Caulfield, Michael J. and Karageorghis, Costas I. and Terry, Peter C. and Chatzisarantis, Nikos L. D. (2003) Weight loss, mood responses, eating attitudes and behavioural regulation among professional jockeys. In: 2002 Annual Conference of the British Association of Sport and Exercise Sciences, 19-23 July 2002, Manchester, United Kingdom.
Rapid weight loss (RWL) strategies used by athletes, such as fasting and saunas, have been shown to be associated with pathogenic eating behaviours, with attendant risks to health and well being. Athletes in sports with strict weight regulations, where RWL strategies are normative behaviour, appear to be particularly at risk. For example, Landers et al. (2001) found that RWL strategies used regularly by high school wrestlers were associated with negative cognitive and affective outcomes. Similarly, Terry et al. (1999) found that lightweight rowers reported more negative eating attitudes and mood disturbance (depression, confusion and tension) than their heavyweight counterparts. To date, no published studies have investigated the effects of RWL strategies commonly used by professional jockeys. The present study assessed the effects of weight loss on mood responses, eating attitudes and the behavioural regulations underlying weight loss. It was hypothesized (a) that jockeys would report more disturbed mood when riding at their lightest weight compared to their optimal and relaxed (out of competition) weight; (b) that riding at the lightest weight would be associated with more negative eating attitudes; and (c) that given the proposed internalisation by jockeys of the need to constantly control their weight, there would be no difference in behavioural regulation across the three different weights.
Volunteer participants were 41 male, flat and jump jockeys (M = 30.87 + 7.01 years) representing 21.03% of the total population of licensed professionals in the United Kingdom. The Profile of Mood States-Adolescents (POMS-A: 1999, Terry et al.), the Eating Attitudes Test (EAT: 1979, Garner and Garfinkel) and an adapted version of the Treatment Self-Regulation Questionnaire (TSRQ: 1995, Ryan et al.) were completed by jockeys on three occasions, corresponding with their lightest riding weight, optimal riding weight and relaxed weight.
Assumptions underlying multivariate analysis were verified. A single-factor, repeated measures MANOVA showed significant differences on POMS-A subscales, EAT scores and identified regulation from the TSRQ across the three weights (Pillai’s Trace = 1.21, F 20, 144 = 11.13, P < .001, 2 = .61). Significant mood effects were evident for anger (2 = .39), depression (2 = .32), vigour (2 = .30), confusion (2 = .12) and tension (2 = .09). Differences were most evident between the lightest and relaxed weights. Hence, consistent with the findings of Landers et al. (2001), situations requiring RWL impacted negatively on mood responses. Similarly, eating attitudes were more negative when jockeys were at their lightest weight compared to the other two weights (2 = .21), although mean EAT scores did not reach the threshold associated with eating disorders. Differences in identified regulation across the three weights suggested that jockeys appear to accept the need for strict weight management routines during competition (lightest and optimal weight) significantly more than when they are out of competition (2 = .76). This runs counter to the research hypothesis and suggests that jockeys may be aware of the potentially deleterious behaviours associated with repeated weight cycling. Collectively, the present findings emphasise a need for education programmes designed to encourage safe weight management practices among professional jockeys. Also, given the association between mood and performance in sport (see Beedie et al., 2000) jockeys may benefit from mood management strategies to assist then during periods of rapid weight loss.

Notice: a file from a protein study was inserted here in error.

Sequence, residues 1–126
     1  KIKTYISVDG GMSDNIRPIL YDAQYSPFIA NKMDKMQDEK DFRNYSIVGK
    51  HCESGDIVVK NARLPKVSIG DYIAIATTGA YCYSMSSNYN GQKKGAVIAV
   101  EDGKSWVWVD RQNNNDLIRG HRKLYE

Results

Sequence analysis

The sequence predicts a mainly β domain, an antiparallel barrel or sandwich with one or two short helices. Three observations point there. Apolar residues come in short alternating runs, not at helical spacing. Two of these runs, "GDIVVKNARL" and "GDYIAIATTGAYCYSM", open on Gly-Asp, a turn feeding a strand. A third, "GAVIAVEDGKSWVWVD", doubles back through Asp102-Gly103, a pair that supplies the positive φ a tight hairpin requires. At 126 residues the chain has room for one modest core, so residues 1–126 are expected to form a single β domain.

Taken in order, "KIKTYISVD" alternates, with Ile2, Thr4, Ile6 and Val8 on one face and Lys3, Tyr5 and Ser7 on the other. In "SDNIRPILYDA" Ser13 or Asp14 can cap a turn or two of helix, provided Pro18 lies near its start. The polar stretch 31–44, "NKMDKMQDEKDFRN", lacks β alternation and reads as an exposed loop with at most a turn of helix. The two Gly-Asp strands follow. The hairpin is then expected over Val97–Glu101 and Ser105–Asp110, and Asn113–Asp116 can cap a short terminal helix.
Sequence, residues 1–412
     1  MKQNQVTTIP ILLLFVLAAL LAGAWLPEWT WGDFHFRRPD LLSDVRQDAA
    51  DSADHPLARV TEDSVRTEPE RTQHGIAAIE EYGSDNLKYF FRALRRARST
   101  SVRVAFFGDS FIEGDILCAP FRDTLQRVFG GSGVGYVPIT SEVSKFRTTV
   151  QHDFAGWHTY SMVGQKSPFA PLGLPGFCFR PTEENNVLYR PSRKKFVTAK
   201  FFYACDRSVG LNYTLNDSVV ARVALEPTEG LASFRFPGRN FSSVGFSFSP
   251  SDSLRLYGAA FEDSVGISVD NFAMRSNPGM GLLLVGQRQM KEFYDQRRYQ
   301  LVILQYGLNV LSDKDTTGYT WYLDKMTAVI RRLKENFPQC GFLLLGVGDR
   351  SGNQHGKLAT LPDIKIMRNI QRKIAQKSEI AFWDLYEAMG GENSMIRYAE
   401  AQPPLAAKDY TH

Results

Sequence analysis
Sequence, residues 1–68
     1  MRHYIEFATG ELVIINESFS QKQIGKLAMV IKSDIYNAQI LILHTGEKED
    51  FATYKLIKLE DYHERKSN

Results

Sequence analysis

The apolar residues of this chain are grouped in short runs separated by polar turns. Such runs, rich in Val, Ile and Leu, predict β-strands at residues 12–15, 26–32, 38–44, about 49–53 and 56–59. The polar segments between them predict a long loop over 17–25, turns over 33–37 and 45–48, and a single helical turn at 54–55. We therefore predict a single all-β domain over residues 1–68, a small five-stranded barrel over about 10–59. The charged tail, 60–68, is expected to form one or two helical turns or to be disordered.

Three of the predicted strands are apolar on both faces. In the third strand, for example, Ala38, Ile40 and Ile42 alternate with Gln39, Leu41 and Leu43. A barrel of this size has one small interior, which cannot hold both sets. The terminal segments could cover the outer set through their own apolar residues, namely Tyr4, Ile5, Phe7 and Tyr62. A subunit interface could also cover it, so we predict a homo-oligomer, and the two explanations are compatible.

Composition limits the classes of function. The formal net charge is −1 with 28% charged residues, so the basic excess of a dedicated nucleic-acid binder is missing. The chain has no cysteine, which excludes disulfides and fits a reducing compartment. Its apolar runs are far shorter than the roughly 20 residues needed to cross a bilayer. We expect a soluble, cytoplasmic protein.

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|Item Type:||Conference or Workshop Item (Commonwealth Reporting Category E) (Paper)|
|Publisher:||Taylor & Francis (Routledge)|
|Item Status:||Live Archive|
|Additional Information (displayed to public):||Author version deposited in accordance with the copyright policy of the publisher. 'This is an electronic version of an article published in Journal of Sports Sciences, 21 (4), 2003, pp. 265-266. Journal of Sports Sciences is available online at: http://www.tandf.co.uk/journals/journal.asp?issn=0264-0414&linktype=2. Originally presented at the Annual Conference of the British Association of Sport and Exercise Sciences, 19-23 July 2002, Manchester, UK. Abstract only published, and posted here.|
|Depositing User:||Professor Peter Terry|
|Faculty / Department / School:||Historic - Faculty of Sciences - Department of Psychology|
|Date Deposited:||03 Nov 2008 05:53|
|Last Modified:||02 Jul 2013 23:06|
|Uncontrolled Keywords:||weight loss; weight regulations; rapid weight loss strategies; modd responses; eating attitudes; jockeys|
|Fields of Research (FoR):||07 Agricultural and Veterinary Sciences > 0705 Forestry Sciences > 070508 Tree Nutrition and Physiology
17 Psychology and Cognitive Sciences > 1701 Psychology > 170114 Sport and Exercise Psychology
11 Medical and Health Sciences > 1106 Human Movement and Sports Science > 110604 Sports Medicine
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